Having all but failed in her ill-considered, poorly argued efforts to ban assault weapons (the usual caveat: whatever "assault weapons" are), now California Sen. Dianne Feinstein seems ready to fail and fail harder going after violent video games.
At a speech in San Francisco on Wednesday, she took her typical aim against the National Rifle Association. But then she all but joined the NRA in complaining about the glorification of violence in video games. Via the Associated Press:
Feinstein also encouraged the entertainment and video game industries to take voluntary steps to produce products that do not glorify big, powerful guns before Congress feels compelled to step in. She mentioned that Adam Lanza, the 20-year-old man responsible for the Sandy Hook Elementary School slayings, practiced shooting both at a range with his mother and on a video screen.
Video games play "a very negative role for young people, and the industry ought to take note of that," she said. "If Sandy Hook doesn't do it, if the knowledge of these video games this young man played doesn't, then maybe we have to proceed, but that is in the future."
Well, we can all look forward to that future failure as well. One: Just as with movies, the video game industry has a voluntary ratings system that thoroughly documents a game's contents and recommends appropriate ages. Two: The Supreme Court has ruled that the contents of video games are constitutionally protected free speech in a case that originated from Feinstein's own state.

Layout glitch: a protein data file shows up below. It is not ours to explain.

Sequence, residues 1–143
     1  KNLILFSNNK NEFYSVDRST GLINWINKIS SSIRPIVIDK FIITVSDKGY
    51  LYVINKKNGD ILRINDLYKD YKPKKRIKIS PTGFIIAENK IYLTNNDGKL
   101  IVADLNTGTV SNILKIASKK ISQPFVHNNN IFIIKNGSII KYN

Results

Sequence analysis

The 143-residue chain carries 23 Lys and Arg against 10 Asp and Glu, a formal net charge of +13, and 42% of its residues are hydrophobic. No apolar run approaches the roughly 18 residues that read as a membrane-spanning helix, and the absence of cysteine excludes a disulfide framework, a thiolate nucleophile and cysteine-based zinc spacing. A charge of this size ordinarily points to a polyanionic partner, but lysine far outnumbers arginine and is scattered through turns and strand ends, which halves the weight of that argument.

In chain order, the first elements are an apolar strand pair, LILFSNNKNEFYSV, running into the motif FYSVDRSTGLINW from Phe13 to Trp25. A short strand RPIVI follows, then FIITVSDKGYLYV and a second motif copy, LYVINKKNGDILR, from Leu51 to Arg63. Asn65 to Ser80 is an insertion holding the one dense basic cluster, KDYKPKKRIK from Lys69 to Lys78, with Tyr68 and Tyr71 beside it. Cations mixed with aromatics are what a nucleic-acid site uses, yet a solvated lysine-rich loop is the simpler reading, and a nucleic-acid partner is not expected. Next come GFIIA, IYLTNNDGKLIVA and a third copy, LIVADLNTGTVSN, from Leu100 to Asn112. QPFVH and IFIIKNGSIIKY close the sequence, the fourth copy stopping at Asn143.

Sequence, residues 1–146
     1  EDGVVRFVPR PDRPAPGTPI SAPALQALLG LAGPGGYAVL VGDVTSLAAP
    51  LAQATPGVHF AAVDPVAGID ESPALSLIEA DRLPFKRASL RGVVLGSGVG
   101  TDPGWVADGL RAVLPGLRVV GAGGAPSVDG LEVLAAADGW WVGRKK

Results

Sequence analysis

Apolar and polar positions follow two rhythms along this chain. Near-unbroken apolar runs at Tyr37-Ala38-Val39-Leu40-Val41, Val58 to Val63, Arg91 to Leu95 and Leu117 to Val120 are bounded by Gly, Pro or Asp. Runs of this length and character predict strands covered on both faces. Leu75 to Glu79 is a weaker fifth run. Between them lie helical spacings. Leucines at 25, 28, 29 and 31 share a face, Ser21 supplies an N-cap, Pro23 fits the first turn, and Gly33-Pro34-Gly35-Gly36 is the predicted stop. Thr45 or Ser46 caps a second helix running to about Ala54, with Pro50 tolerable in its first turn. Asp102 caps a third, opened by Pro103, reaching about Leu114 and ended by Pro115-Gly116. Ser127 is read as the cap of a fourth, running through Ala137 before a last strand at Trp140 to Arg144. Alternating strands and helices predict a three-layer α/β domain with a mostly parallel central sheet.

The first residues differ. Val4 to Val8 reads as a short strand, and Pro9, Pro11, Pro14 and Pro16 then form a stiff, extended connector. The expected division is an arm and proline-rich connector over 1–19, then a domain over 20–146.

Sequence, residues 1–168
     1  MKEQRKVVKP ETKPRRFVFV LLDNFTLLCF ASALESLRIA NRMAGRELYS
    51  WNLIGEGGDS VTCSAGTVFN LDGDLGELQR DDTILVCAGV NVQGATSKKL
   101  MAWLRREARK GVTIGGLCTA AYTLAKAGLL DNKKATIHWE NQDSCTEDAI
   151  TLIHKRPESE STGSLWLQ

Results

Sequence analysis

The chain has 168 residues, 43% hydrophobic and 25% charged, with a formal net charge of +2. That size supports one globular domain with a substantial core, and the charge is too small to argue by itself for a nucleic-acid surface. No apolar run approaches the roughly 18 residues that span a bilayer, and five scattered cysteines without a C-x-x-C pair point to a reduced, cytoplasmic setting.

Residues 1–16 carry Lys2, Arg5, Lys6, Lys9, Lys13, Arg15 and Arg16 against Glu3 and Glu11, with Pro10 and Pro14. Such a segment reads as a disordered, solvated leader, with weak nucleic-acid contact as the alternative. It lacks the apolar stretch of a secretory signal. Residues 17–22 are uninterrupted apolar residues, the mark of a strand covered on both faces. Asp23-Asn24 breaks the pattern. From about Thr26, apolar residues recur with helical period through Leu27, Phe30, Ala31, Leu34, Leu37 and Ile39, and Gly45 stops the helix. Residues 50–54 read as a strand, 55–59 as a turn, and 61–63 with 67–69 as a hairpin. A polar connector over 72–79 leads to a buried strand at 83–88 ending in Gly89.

The idea of video games playing "a very negative role for young people" is just unsupported nonsense without foundation. Yesterday, when I wrote about film critic's Roger Ebert's awkward relationship with the creative culture of video games, I noted the gap between Baby Boomers and the younger generations over the role of the medium in their lives. The industry took Ebert's dismissal of video games as a potential art form as a challenge.
Feinstein's poorly chosen words and vague threat will likely not inspire much introspection. She doesn't understand the medium at all and clearly has no interest in understanding the medium. But unlike Ebert, Feinstein has the power to shape government policy, or at least try to, anyway. It would be interesting to see how the heavily California-based video game industry would respond to Feinstein actually trying to go after them.
Below, Reason TV highlights several extremely stupid Congressional hearings where politicians presumed to justify censorship against various forms of media: